Today's "well, duh" report from the Institute for the Obvious:
For decades, urban planners have preached mass transit as the key to economic mobility, but new studies show that improving access to cars may be the best way to help the poor.
Sometimes academic studies are good at officially validating what people already know intuitively. For Americans who wait through lengthy public transportation commutes, it’s common sense that owning a car would offer advantages. Now two recent studies show that cars offer more than just convenience: they can give lower income Americans an economic leg up.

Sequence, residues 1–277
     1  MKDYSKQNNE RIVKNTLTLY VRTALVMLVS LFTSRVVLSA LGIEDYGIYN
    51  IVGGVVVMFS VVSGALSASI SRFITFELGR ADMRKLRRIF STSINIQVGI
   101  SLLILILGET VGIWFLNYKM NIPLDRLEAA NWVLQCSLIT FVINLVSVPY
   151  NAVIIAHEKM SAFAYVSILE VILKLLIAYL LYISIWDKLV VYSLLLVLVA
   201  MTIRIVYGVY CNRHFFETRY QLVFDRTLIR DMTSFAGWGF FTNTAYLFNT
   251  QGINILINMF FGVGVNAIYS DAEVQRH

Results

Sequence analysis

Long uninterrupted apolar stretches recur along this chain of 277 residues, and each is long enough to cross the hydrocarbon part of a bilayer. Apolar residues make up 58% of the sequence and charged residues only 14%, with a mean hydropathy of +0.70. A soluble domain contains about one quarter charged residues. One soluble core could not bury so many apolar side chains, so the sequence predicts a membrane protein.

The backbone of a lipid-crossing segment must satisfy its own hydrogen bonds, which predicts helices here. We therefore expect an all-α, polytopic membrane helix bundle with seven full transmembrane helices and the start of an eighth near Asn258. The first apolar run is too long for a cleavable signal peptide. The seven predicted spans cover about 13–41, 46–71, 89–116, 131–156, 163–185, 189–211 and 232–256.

Leave it to the "urban planners" to need academic studies to point out what has always been perfectly clear to everybody else on the planet. There is a reason that "a car in every garage" is paired with "a chicken in every pot" as essential to the American dream. A car means mobility, therefore choices, therefore freedom and opportunity. The planners love mass transit because it fits in with their world view. You can't decide when and where to go. You have to go on the assigned route at the assigned time, because, you know, can't have everybody out there just deciding on their own. Why, that would be anarchy! Much better that the wise ones decide what is optimum for everybody.